South Whidbey Island State Park, Whidbey Island
Categories: State Parks, Nature & Parks
South Whidbey State Park is a Washington state park in Island County. It consists of 347acres of old-growth forest and tidelands with of shoreline on Admiralty Inlet. The park contains many mature specimens of western red cedar, Douglas fir, Sitka spruce, and western hemlock, some of the largest on Whidbey island, including one "Giant Cedar" over 500 years old.HistoryWhen the park was created in 1974 it consisted of approximately 87 acres of shoreline along Puget Sound. In 1977 local citizens filed a lawsuit against the Washington Department of Natural Resources, which managed the park, when they learned that the state agency planned to grant logging contracts on an adjacent 267 acre parcel of land known as "Classic U," which contained one of the few remaining stands of old-growth conifers on the island. Activists pursued legal solutions to prevent logging of the parcel, forming a nonprofit foundation called Save the Trees and seeking a temporary injunction on logging from the state government. Many also practiced civil disobedience—laying down in front of bulldozers to prevent the destruction of ancient trees.Make South Whidbey Island State Park part of your personalized Greenbank itinerary using our Greenbank holiday planner.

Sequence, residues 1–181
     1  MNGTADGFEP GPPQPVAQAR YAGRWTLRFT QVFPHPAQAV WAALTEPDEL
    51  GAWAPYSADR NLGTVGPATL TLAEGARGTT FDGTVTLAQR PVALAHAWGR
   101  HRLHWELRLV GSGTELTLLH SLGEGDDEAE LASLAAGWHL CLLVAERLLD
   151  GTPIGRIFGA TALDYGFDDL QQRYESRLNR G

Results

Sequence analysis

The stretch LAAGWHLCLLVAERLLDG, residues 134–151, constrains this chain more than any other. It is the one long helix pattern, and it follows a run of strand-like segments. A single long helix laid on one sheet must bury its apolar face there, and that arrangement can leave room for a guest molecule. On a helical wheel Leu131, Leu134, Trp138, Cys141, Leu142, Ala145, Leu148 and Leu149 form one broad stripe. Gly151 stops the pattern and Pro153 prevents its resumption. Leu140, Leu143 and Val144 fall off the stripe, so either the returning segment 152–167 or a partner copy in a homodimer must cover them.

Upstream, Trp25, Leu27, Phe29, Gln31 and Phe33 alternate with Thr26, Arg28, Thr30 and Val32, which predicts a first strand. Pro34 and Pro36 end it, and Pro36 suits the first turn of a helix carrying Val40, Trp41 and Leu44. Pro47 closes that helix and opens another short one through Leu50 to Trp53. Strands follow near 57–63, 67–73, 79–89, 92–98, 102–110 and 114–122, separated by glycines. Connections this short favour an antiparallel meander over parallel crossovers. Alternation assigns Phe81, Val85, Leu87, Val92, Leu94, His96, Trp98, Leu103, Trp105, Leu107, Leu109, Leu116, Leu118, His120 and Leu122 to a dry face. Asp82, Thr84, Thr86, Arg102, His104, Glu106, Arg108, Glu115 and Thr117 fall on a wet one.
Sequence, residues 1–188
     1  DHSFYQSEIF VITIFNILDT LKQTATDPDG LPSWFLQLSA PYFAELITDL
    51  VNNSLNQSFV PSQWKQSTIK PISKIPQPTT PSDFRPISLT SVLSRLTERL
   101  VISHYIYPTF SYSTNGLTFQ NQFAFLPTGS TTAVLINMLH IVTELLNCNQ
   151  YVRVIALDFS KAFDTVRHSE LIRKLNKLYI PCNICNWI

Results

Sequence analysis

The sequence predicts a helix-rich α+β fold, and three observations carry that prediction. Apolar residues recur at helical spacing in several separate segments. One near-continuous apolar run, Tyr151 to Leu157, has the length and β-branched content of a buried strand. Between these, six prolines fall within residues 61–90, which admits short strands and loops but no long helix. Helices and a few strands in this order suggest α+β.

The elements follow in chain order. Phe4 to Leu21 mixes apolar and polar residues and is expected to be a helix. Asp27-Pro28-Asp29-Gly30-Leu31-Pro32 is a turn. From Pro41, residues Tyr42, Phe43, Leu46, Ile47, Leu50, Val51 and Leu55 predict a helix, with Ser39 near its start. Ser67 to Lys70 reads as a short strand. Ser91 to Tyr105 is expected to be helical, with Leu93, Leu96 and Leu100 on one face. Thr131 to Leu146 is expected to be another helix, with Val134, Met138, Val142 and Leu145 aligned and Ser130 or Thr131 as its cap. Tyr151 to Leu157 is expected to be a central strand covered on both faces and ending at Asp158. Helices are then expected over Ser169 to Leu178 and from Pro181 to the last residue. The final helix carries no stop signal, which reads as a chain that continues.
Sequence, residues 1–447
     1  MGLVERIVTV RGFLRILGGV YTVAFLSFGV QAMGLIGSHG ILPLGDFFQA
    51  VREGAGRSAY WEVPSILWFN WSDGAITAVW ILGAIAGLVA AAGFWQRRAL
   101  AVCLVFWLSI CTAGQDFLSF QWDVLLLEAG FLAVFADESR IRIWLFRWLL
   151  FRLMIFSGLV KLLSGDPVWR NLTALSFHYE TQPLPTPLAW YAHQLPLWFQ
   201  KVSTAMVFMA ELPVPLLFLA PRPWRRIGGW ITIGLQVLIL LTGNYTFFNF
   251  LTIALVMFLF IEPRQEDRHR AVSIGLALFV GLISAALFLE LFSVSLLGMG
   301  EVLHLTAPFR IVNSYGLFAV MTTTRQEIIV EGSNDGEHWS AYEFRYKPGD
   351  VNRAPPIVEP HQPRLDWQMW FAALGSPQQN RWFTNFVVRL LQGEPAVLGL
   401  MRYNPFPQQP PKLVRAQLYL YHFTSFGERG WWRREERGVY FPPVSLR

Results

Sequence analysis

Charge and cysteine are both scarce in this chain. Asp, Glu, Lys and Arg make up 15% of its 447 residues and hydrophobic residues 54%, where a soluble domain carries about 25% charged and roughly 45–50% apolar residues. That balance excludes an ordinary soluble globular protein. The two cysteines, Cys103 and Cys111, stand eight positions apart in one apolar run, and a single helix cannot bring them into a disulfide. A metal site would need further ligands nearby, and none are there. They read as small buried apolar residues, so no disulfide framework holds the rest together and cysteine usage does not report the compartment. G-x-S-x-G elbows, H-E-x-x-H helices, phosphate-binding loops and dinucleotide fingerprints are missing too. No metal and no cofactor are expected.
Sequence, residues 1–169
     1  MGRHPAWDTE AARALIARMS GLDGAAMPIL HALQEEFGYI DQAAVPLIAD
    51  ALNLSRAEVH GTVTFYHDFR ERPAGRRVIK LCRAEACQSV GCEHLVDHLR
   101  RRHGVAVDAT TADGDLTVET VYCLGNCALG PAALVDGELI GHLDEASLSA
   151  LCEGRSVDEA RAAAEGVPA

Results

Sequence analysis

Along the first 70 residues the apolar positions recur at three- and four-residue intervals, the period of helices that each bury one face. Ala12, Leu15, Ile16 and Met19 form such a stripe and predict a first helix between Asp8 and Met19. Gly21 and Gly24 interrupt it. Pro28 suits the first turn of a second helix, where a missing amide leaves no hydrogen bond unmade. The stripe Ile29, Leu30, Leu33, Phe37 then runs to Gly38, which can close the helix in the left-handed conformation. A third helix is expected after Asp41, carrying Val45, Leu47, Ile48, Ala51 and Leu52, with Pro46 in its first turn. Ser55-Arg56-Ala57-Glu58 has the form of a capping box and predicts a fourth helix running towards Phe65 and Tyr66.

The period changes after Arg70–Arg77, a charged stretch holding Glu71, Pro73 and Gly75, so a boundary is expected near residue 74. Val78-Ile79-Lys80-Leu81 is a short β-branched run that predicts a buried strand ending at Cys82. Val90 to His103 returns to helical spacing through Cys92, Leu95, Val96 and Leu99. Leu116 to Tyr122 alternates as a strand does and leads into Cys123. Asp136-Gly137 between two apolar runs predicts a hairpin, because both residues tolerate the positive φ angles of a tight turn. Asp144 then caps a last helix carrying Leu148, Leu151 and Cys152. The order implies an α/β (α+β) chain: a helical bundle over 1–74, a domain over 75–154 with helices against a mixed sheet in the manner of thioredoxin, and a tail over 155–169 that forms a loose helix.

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We liked this park better than Deception Pass. Fewer people, love.y paths even a spot with old growth forest and different but equally spectacular views
South Whidbey State Park has plenty of wooded trails, beach access and natural beauty. If you have never seen a real, old-growth tree ... set a date and come explore this natural resource.
Having just moved here recently and a shutterbug, I've been trying to find more trails to explore. However, it's winter, the rainy season, and you have to take advantage of a sunny day! I went in the ... read more »
No longer open to camping, and beach trail currently closed for storm damage, the state is thinking of selling off the state park. This used to be a popular camping destination, so we don't understand why it cannot be brought back into use. Seems suspicious.
As you would expect walking down the trails let's you escape into the wilderness. With the exception of the closed beach trail it was all good.
Quiet and pretty there!
We've camped there. Old Growth? Looked like standard second growth! Like many other places in WA logged 100 years ago. For old growth I would expect to see 500 year trees 5 feet in diameter or more.
Sandy beaches, lovely shoreline, great view and minimally obscured horizon. High tide waves are wonderful and do not get too high here. Parking can be found easily outside the park entrance, thereby not requiring a Discovery Pass. Attached on the south end to a series of beach houses - try to avoid their backyards!
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